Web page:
Thumper, Rosie, May Day, Jinx, Moneypenny. No, those aren’t the names of the latest lipstick colors from MAC. They’re the names of the only Black “Bond girls” in the history of the legendary James Bond franchise. Actresses Trina Parks, Gloria Hendry, Grace Jones, Halle Berry and Naomi Harris are in a special sisterhood. They’ve either conspired with, slept with, or kicked 007’s British butt. And last night, during the African American Film Critics Association’s Black Women of Bond Tribute (which took place at the California African American Museum), for the first time four out of five of them stood together on the heels of the release of the 24th Bond film, Spectre, hitting theaters this Friday (November 6). 

“I am so proud to stand up here with these gorgeous, talented women, ones that walked before me, that paved the way,” Halle Berry gushed as she stood side-by-side with the other Black Bond women. “I have so much respect. I’m humbled to be here and be reminded [of] what you ladies did, and the path you paved so Naomi and I could be here with you.”

Berry, who’s been keeping a low profile since news broke of her impending divorce, wasn’t missing a once in a lifetime opportunity to stand next to this special fraternity of women.

“To be a part of the Bond franchise is to be a part of history, because who thought the Bond franchise 50 years later would still be what it is today?” she asked. “So to be a part of this legacy is a huge, huge honor. It’s a highlight of my career, and I will never forget my experience. It’s one of the best experiences of my entire life.”

Apparently, appearing as a Bond girl truly is a one-of-a-kind experience. Gloria Hendry, who appeared as Rosie Carver (the CIA agent who teamed up with Bond in Live and Let Die), recalled, “I had a penthouse hotel room in London at the Pinewood Studios. I was treated like I thought I starred in the movie, [as if] I played Bond! They made all my clothes. It was awesome!”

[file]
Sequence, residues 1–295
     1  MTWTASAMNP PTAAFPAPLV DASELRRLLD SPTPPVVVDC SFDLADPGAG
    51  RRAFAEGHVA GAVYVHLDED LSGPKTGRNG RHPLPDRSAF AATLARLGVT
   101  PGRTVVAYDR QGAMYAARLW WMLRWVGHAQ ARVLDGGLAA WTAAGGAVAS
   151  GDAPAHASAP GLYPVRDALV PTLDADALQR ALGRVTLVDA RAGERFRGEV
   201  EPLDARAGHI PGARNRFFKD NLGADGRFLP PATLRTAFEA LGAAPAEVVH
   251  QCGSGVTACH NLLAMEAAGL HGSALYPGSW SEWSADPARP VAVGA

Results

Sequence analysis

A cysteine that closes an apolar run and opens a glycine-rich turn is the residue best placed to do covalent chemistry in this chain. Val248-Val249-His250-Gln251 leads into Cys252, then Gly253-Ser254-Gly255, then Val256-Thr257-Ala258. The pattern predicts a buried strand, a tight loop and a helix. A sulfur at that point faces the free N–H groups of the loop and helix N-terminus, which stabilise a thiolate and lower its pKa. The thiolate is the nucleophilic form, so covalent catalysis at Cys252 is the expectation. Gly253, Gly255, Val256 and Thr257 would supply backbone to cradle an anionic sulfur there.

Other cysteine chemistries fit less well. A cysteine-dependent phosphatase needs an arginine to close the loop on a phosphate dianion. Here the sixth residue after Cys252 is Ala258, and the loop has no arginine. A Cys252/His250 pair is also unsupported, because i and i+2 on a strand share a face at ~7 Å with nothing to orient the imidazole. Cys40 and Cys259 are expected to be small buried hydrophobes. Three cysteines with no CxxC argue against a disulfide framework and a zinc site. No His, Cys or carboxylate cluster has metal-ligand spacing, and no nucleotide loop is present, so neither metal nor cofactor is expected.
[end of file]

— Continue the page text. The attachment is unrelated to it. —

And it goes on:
For Trina Parks, a.k.a. Thumper—the very first Black Bond girl who played opposite Sean Connery in Diamonds Are Forever—the experience was a blast. “It was so much fun. I loved it!  And Sir Sean, he was great to work with. It was like we had worked together before. And I’d worked with [big] names before, so it wasn’t like, ‘oh Sean Connery!’ I had breakfast with him before we did the scene. He wanted to meet the person that was going to beat him up.”

The Black Bond girl is definitely something to be celebrated. It was and is an opportunity to see ourselves reflected on the big screen in a high profile film with beauty, brains and power. Think about it. All the way back in 1971, 44 years ago, a sister with a short-cropped Afro was shown on the big screen kicking some Bond butt in a yellow, sexy bathing suit.

Fast-forward to present day 2015, 53 years after the first James Bond film hit theaters, Miss  Moneypenny (originally cast as a White actress) is now played by Naomi Harris. She’s Bond’s right-hand woman and pretty much the only person he trusts with his secrets. While clearly there’s some chemistry there (the two slept together in 2012’s Skyfall), Moneypenny is smart enough not to become one of Bond’s many conquests.

“From the bottom of my heart, thank you to each and every one of you,” Harris said to the Black Bond women who came before her. “You inspire me with your incredible performances and with your representation of Black female beauty.

“Growing up in London, coming up in a little town, Finsbury Park—you probably never even heard of it—there were not many representations of Black female beauty,” Harris continued. “I really have to thank Bond and the franchise for being forward thinking, and for being one of very few franchises at that time that actually presented Black women… And to have the baton passed on to me and to be running with it now, I am so grateful and so proud to represent this franchise, to continue the legacy you’ve all started.”